Jack Wallen acknowledges Software Freedom Day by highlighting the OpenDisc project. One disc compiles the most popular open source apps for Windows users, making it a convenient tool to hand out to potential open source converts.
September 19 was Software Freedom Day. The unfortunate reality is that this day is not advertised or publicized in any way that really gives it much validity. (Sorry, but being Slashdotted doesn't make something valid across the board.) It was my hope that this year something different would happen and I would see the effort really pushed into the public eye. It wasn't. In fact, it was a big let-down.
There was one thing, however, that did come out of this year's celebration and that was OpenDisc. OpenDisc came into being when Open CD was on the outs. The Open CD project really never gained much traction, but OpenDisc could very well go places Open CD couldn't. Why? OpenDisc is an outstanding project. But what is Open Disc?
OpenDisc is a high quality collection of Open Source software for Windows put together with an easy-to-use front-end that makes installing and/or learning about these applications simple. Of course, OpenDisc has a secondary purpose - to educate users about the Linux operating system.
The disc is broken up into six categories: Design, Games, Internet, Multimedia, Productivity, and Utilities. Each section contains software relating to the categories and each collection of software is geared toward having everything the Windows user needs to fulfill their day-to-day software requirements.
Some of the titles included are:
- The GIMP
- Battle for Wesnoth
What is most important about this CD is that it gives you, the IT Pro, an opportunity to hand a CD to someone and say, "Try these free applications." Coming from you, someone people trust, they will be more likely to give the open source software a try. And they can do this on their Windows machine. Maybe they will come to you for more, at which point you can give them the "Wink, wink, nudge, nudge..." and offer them Linux.
The point is - OpenDisc makes this possible. No more will you have to download and collect a bunch of open source software, burn it onto CD, and then pass it out with instructions on installing each piece of software. Instead you download the ISO, hand it out to people, and tell them to give the CD a look. The user puts the CD into the drive, clicks on it, and either reads about a piece of software or clicks the Install button.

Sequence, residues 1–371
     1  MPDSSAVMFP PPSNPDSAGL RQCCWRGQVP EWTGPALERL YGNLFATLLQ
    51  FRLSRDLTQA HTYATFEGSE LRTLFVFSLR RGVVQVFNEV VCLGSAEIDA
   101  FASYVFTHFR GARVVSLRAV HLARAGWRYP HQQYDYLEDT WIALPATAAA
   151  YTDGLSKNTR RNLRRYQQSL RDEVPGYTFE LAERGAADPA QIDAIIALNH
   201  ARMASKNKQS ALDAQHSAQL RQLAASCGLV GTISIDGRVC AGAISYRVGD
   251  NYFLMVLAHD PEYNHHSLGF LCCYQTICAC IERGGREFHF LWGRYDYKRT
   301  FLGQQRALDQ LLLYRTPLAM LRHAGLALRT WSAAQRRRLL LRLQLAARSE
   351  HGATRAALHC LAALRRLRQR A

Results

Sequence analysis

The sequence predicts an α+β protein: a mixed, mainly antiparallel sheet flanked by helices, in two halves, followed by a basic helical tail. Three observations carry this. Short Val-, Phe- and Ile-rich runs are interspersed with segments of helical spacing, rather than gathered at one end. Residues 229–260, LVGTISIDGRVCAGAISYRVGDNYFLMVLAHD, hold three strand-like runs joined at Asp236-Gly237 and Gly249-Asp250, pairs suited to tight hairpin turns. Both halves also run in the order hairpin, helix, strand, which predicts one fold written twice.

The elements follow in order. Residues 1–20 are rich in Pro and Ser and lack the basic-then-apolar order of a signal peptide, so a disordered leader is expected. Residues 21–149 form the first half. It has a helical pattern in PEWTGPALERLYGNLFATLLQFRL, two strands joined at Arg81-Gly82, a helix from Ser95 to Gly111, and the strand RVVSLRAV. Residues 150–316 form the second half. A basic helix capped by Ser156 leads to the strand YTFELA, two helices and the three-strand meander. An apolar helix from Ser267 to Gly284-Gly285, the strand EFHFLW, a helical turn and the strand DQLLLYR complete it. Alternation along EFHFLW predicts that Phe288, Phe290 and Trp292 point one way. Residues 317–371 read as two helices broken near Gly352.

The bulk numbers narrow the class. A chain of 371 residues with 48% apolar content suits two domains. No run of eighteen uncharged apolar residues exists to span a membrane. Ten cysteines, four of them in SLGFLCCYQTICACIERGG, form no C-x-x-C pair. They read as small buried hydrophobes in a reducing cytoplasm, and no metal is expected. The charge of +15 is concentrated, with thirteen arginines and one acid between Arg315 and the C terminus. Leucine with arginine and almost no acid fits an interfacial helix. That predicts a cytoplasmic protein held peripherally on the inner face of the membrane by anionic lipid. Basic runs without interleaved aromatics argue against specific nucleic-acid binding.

Of course the project isn't perfect. My biggest complaint is the lack of productivity software included. OpenDisc includes only three entries for productivity:
Yes, that might cover most everyone's needs for the office. But what about project management? Scheduling? There are many other possibilities that could be added. Naturally I understand there are the limitations of space. As it stands you are going to have to burn the ISO image onto a DVD because the size exceeds a CD - which could explain why certain tools are left out. Maybe there is a solution...
Already on the project there is the standard OpenDisc AND the OpenEducationDisc. The OpenEducationDisc project is aimed towards educators (you can download this ISO from the same site). What if they broke OpenDisc into projects like:
Would that go further in reaching the goal of introducing people to open source software? A user likes games? Fine, hand them the OpenGames DVD. Work in a small office? No problem, hand them the OpenBusiness DVD. It could work; and there are plenty of titles to fill up each project (with some overlap of course).
This type of project, with this level of sincerity and drive, is long overdue. But in order for this to work, people have to use it. Download either OpenDisc or OpenEducationDisc now and start distributing copies in any way you can. Help spread the word in the way Software Freedom Day wants to do, but can't seem to get any traction.
Open source software is by the people, for the people, but can not get to the people without those like us spreading the word.